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Man sentenced to decades in prison for murder of Michigan State student

February 19, 2020
<p>An East Lansing police car, photographed on Aug. 23, 2019. </p>

An East Lansing police car, photographed on Aug. 23, 2019.

Photo by Matt Zubik | The State News

Steven Washington was sentenced to approximately 28 to 41 years in prison, with an additional two years for felony gun possession, at Veteran’s Memorial Courthouse on Wednesday for the murder of Michigan State student Isai Berrones.

Berrones, 22, was studying food science in his senior year at MSU.

According to Ingham County court records, a jury found Washington guilty of murder in the second degree, carrying a concealed weapon and carrying a weapon while committing a felony during his trial Dec. 17, 2019. 

These charges stem from an incident in which the East Lansing Police Department responded to a report of fighting and gunshots on Oct. 12, 2018. Berrones was found wounded upon arrival and was pronounced dead at the hospital.

Ingham County Assistant Prosecuting Attorney Bill Crino, reflected on the unimaginable tragedy the Berrones family has sustained. 

“Isai Berrones was only 22 years old. He was, by everyone’s account, a very kind and gentle young man with a bright future ahead of him,” Crino said. “He had his entire life before him and in an instant, his life was taken from him.”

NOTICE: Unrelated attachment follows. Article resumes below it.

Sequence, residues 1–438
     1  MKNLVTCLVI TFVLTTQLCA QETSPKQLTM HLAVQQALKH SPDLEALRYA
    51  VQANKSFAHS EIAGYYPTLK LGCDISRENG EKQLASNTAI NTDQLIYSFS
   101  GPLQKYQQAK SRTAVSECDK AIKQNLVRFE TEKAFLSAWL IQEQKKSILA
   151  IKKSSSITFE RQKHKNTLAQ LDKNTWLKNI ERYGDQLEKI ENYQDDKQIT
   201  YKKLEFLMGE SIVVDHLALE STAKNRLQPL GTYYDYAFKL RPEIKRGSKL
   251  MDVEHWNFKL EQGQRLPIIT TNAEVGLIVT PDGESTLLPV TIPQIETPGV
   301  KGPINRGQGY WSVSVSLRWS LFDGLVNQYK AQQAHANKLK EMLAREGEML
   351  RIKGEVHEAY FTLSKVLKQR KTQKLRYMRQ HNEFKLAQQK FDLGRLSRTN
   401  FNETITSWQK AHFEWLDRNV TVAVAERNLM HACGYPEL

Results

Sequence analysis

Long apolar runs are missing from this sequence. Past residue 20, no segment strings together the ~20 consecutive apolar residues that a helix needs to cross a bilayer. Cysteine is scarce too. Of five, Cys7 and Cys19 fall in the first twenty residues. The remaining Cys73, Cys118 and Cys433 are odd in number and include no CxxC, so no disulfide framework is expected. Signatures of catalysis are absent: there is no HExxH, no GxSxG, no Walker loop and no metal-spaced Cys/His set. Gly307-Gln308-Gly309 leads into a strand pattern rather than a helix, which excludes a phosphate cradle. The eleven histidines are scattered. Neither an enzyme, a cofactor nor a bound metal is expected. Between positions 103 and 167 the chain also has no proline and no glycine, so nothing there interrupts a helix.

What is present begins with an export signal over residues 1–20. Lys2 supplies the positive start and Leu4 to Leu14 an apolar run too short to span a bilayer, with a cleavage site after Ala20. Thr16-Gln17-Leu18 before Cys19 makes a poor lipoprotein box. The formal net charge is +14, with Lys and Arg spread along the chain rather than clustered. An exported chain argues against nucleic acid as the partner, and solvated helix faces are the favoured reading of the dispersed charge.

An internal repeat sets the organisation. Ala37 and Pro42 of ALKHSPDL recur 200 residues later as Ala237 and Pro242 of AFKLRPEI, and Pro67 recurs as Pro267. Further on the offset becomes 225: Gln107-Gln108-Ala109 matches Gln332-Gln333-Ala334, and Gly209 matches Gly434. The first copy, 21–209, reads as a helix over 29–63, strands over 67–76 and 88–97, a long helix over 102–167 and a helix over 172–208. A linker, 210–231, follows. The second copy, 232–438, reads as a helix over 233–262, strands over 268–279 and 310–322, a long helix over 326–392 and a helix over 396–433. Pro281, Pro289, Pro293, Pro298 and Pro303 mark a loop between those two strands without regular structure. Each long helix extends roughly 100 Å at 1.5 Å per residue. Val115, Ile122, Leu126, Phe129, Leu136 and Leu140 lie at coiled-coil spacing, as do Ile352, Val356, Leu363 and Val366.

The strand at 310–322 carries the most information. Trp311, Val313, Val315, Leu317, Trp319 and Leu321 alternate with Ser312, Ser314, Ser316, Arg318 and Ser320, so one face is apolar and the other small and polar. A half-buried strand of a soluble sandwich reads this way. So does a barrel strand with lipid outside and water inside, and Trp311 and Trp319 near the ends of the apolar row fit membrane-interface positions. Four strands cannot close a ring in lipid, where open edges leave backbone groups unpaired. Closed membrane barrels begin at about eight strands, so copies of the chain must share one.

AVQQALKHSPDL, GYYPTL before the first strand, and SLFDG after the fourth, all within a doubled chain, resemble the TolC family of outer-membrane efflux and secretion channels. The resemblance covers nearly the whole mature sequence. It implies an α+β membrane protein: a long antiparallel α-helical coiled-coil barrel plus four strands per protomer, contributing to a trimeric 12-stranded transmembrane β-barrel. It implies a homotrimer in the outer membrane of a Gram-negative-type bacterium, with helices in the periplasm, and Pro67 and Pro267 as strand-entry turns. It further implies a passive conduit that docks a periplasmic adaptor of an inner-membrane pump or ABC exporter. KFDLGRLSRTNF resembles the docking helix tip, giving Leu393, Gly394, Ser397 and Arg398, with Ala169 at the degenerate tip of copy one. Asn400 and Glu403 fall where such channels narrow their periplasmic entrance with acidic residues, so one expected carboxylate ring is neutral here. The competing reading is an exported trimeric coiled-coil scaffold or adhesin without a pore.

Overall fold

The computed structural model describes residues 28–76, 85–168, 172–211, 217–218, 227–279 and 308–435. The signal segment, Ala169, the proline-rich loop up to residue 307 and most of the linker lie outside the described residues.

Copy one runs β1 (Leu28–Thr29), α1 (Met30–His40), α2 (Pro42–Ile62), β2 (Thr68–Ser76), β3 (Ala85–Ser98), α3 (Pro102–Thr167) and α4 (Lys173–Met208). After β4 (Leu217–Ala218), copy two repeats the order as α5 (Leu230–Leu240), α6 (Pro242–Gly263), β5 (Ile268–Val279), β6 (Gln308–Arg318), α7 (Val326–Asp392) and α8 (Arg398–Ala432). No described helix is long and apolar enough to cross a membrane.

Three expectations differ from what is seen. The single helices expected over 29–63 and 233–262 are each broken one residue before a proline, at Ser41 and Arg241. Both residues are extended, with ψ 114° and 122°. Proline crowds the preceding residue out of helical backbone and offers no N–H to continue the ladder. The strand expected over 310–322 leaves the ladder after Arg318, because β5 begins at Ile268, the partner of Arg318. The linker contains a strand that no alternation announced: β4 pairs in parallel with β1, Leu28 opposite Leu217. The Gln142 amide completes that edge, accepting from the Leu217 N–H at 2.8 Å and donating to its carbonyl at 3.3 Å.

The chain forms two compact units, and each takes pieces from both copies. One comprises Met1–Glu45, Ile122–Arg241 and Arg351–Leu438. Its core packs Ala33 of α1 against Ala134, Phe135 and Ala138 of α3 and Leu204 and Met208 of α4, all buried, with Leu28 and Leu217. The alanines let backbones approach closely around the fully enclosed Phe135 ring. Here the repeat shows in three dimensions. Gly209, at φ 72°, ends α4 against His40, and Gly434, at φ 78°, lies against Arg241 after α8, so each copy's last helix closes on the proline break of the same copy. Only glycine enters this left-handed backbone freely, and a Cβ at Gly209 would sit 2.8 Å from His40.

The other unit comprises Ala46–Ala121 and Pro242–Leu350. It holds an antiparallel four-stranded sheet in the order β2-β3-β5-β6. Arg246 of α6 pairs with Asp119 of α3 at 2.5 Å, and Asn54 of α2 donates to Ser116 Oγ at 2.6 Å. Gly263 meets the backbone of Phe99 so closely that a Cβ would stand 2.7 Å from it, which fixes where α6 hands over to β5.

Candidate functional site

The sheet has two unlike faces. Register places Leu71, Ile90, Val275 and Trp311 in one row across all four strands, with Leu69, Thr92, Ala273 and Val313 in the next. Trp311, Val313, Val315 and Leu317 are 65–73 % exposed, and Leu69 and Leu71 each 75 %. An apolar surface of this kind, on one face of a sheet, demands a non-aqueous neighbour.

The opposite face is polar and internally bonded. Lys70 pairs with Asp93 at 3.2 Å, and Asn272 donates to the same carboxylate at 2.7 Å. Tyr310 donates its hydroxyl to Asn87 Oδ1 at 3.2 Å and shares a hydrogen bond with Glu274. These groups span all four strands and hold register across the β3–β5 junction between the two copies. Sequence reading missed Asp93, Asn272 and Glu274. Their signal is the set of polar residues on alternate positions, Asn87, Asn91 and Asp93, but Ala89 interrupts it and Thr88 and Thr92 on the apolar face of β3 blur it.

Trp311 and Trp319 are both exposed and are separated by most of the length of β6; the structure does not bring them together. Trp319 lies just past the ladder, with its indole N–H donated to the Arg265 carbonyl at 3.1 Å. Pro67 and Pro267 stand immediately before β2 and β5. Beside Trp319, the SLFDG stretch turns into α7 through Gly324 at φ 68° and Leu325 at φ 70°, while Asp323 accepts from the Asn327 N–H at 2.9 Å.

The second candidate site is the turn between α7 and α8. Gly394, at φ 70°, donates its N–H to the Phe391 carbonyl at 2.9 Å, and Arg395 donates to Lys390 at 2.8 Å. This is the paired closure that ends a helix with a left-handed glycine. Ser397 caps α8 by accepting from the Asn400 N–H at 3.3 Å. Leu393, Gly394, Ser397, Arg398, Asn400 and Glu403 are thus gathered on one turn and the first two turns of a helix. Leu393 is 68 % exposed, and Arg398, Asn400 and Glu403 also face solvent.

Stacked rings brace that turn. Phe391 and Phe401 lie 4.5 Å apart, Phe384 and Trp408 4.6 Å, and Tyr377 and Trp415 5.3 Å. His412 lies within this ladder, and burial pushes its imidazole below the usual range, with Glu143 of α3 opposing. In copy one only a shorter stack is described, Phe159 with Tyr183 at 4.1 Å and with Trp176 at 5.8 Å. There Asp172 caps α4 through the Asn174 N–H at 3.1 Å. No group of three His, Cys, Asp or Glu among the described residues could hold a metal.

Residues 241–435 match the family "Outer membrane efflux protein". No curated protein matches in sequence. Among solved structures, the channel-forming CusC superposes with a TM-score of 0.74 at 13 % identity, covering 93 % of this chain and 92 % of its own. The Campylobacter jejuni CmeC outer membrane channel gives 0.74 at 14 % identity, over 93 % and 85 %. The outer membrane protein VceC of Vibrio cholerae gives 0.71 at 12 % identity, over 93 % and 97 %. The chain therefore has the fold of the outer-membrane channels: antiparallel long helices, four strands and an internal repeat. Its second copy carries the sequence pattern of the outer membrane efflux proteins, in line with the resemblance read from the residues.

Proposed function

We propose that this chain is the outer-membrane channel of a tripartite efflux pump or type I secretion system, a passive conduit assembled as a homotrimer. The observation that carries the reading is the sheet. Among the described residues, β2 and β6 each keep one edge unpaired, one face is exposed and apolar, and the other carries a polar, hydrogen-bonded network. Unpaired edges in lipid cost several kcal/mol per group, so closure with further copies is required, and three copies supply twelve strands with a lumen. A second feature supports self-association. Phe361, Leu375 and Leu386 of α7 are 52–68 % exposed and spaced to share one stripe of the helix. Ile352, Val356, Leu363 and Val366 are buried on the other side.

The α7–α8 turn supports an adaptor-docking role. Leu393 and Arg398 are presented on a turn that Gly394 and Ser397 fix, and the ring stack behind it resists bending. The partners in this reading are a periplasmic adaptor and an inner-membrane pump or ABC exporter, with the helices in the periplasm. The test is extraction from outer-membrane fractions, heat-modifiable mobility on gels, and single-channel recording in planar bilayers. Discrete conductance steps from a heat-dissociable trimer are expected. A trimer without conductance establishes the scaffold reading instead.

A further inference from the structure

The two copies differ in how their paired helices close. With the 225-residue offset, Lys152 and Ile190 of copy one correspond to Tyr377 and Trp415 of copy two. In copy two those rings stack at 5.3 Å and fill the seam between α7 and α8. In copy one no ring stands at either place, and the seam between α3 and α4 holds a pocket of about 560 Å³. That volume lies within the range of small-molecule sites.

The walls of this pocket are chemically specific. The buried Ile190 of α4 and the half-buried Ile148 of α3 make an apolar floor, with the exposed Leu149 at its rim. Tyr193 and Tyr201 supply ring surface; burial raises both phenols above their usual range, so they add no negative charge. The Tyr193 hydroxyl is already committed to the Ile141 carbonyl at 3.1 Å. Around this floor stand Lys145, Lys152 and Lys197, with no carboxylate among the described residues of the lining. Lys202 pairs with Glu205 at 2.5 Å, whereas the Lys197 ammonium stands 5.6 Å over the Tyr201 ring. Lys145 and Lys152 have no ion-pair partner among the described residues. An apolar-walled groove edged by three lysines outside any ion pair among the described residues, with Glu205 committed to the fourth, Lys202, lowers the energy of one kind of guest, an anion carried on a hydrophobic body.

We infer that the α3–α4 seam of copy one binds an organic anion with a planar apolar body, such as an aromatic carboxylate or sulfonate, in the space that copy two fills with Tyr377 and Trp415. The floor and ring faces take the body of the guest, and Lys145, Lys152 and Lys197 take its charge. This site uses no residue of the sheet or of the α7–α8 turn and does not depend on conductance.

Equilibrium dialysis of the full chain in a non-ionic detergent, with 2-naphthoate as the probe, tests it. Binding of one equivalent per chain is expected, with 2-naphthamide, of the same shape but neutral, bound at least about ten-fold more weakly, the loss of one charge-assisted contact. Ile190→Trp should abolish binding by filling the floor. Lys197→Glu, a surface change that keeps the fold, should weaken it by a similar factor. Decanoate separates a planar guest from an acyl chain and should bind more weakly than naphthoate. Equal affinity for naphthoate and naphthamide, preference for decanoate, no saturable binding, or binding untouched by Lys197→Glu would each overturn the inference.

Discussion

During the prosecution, the Barrones family submitted letters on the impact this tragedy has had on them. His parents, Miguel and Irma Barrones, were present at the sentencing, though remained too distraught and emotional to speak to the court. Crino argued the only thing the people could add at this point was that this was a senseless act.

“There was no reason that this defendant ... needed to bring an illegal concealed gun with a bullet in the chamber to this incident. There was no reason that this defendant needed to point that weapon and fire it into Isai Berrones’ body and senselessly kill a 22-year-old boy over nothing. And there was no reason that this defendant needed to — almost literally — step over Isai’s body and flee from the scene,” Crino said. “It shows such extreme callousness and disregard for human life.”

Washington’s defense attorney, Toby White, argued that Washington was not the one responsible for the shooting. 

“There is no consoling, there is no bringing back, there is no way to even describe the pain the family is going through,” White said. “However, Mr. Washington maintains … that he is not the person who shot this young man. He is not the one who created this tragedy.”

Fellow inmates of Washington drafted a letter presented to the court, expressing their experience with him as a caring, down-to-earth man who lets his intellect rule his emotions.

Ingham County Circuit Court Judge Clinton Canady III recognized the tragedy of the situation, and acknowledged his belief that Washington likely didn’t go into the situation with the intent to kill. 

“It appears probably you were along for the ride originally, ... but once you got there, things went down and Mr. Barrones ended up being killed,” Canady said.

Washington said he never intended for things to happen how they did. 

“I didn’t come here to hurt no one, I came here to start a new life,” Washington said.

In addition to the 27 to 41 years in prison, Washington is also responsible for $14,000 in restitution to Barrones’ parents for funeral and burial expenses.

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